Regardless of the role your child plays in a bullying scenario, Joyce suggests encouraging kids to make their own decisions and practice problem-solving.  Offer guidance if asked. Give kids an opportunity to build resilience and confidence. Parental intervention is advised and necessary in circumstances of significant risk to your child’s wellbeing.


For the Bullied

Some kids may be reluctant to acknowledge they are being bullied because they are ashamed or want to work things out themselves. Don’t force the issue but rely on regular check-ins to get a pulse on how your child is doing. In the absence of safety concerns, take their lead.

If you are aware that your child is being bullied, here are some suggestions for how to help:

  • Ask about how the experience is affecting them
  • Ask them what kind of help they want
    – Do they want advice?
    – Offer for them to check back in if different help (such as talking to the school) is needed later
  • Encourage them to tell a trusted adult if things get too hard to handle on their own
  • Ask about coping strategies and support that has been successful
  • Reassure them that this treatment is not about their deficits, but rather those of the bully
  • Let them know that its OK to be unsure about how to proceed and that some situations don’t have simple solutions
  • Communicate that it’s “Ok not to be OK” and that repetitive unkind behavior can have multiple impacts
    – Validate their reactions and emotions
  • Share your own experiences with this type of thing if they seem receptive to this
  • Have them consider not engaging the bully
    – Reacting may provoke more abusive behavior
  • In the case of a one-sided bullying scenario, avoid bringing the kids together. Mediation or conflict negotiation is not effective and can actually be traumatizing to the bullied kid
  • If they seem able to manage the situation and are not affected, tell them you appreciate their confiding in you, and would like to check in about the situation periodically
  • Let your child know it’s going to be addressed if that’s what they want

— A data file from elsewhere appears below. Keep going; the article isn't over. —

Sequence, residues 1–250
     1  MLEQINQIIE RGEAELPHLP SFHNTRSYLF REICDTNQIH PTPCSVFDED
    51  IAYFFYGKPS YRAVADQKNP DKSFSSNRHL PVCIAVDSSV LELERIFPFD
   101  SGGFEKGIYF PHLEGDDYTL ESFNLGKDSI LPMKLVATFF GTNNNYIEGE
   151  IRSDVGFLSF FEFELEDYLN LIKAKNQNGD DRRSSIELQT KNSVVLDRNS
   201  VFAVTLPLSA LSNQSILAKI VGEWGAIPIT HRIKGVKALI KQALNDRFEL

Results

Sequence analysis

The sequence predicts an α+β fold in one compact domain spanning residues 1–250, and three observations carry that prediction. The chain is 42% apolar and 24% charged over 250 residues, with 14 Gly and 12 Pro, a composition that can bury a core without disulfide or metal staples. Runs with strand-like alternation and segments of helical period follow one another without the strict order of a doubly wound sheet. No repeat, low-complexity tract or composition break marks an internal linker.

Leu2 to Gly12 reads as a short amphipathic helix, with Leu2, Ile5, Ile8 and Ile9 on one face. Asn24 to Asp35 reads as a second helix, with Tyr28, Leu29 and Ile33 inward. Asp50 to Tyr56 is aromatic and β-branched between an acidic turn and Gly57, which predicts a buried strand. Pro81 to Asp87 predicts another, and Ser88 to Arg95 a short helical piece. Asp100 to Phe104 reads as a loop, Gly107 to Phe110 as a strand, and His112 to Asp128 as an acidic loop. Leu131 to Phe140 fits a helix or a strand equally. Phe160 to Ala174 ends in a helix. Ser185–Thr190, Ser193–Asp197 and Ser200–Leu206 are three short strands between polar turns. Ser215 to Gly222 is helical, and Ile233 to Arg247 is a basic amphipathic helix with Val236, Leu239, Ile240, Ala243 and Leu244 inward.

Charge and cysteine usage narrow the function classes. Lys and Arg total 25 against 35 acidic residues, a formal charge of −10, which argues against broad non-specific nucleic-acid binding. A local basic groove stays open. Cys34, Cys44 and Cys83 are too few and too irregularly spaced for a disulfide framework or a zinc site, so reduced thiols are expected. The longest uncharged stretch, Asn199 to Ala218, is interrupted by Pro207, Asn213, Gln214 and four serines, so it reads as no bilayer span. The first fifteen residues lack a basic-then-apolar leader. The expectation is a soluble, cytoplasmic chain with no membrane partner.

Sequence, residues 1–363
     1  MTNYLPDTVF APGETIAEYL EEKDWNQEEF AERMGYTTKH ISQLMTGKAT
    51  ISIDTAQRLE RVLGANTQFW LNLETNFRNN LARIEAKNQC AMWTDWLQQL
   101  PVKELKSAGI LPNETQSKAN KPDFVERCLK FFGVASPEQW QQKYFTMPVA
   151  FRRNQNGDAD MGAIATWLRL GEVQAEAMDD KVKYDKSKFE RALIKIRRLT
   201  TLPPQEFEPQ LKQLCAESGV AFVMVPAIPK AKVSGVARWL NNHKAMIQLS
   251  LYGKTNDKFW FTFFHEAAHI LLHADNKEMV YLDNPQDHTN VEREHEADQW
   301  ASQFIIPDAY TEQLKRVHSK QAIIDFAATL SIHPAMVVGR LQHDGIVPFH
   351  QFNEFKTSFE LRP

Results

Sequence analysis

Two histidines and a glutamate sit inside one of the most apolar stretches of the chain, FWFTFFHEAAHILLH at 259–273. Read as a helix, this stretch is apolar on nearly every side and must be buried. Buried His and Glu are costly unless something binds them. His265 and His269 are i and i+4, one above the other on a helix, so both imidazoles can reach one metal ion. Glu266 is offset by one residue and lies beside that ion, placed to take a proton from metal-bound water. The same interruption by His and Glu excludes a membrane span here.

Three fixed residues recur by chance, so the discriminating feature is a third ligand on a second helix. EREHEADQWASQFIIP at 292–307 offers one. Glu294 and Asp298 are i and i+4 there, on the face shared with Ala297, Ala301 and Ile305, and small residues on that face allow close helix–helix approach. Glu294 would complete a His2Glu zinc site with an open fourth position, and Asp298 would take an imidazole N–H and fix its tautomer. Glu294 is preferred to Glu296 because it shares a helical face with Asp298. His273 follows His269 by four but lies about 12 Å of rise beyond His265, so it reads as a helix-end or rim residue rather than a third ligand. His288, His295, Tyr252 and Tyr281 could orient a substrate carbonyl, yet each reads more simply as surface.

• Generally, hold off on talking to the other child’s parents, unless it’s a family friend
  • Before directly intervening in any situation, consider how this might impact your child
    – Could this lead to more mocking or bullying?


For the Bully

Nobody is happy about their child harming another child, but Joyce cautions against jumping to conclusions or shaming kids. This approach may not help you understand the root cause of the problem or lead to a positive resolution. Bullying a bully reinforces unhealthy interpersonal interactions.

  • Discuss the accusations and facts but provide an opportunity to hear their perspective
  • Try to determine what is driving their behavior
  • Give you child the benefit of the doubt, especially if the behavior is new or out of character
  • Help them understand that even things that are intended to be “a joke” can be hurtful and cause suffering
  • Ask them to put themselves in the place of the other kid. How would they feel if roles were reversed?
  • Communicate that you know this is not the person they want to be
  • Stay calm, even if your child gets confrontational
  • Get the message across that you want to support them, but that bullying is not OK


For Bystanders

We all hope to have kids who at a minimum understand that unkind behavior and hurting others is wrong. However taking the next step – intervening or defending someone is not always easy, even for adults. Kids may fear that they will be bullied or socially ostracized if they step in to help. Witnessing bullying can be stressful , and the bystander may experience many of the same symptoms that the bullied child manifests. Joyce recommends that you:

  • Encourage your child to be a good friend and offer support to anyone being treated unfairly
  • Help them understand that it’s wrong and unkind to participate in hurting others
  • Let it be their choice to intervene if they feel safe and comfortable doing so
  • Suggest that it might be easier to get involved if others join with them
  • Remind them that they always have the option to speak with a trusted adult




Cyberbullying takes place online through platforms such as texting, social media, and gaming. This has the potential to be particularly damaging because it is accessible 24/7, can reach multiple people at once and can often work via anonymous or fraudulent channels. It’s important for kids to understand how to use the internet safely and recognize that even presumed temporary content is in fact, not temporary. Bullying or inappropriate behavior can impact life outside of the internet for years to come. Consider:

  • Modeling the online behavior you want to see in your kids
  • Keeping up to date on digital platforms and opportunities for bullying
  • Being knowledgeable about and informing kids about reporting cyberbullying
  • Teaching kids how to evaluate information for validity and help them to grasp the concept that not everything is real
    –What you see is not necessarily what you get
    – People may not admit that they are not always perfect, happy or beautiful
  • Helping kids to have healthy boundaries with social media

Situations involving interactions with kids can be complicated, and finding the “right” response may not be so clear. Whether your child is the bully, the target of bullying or the bystander, always consider reaching out to a professional for guidance and parenting support.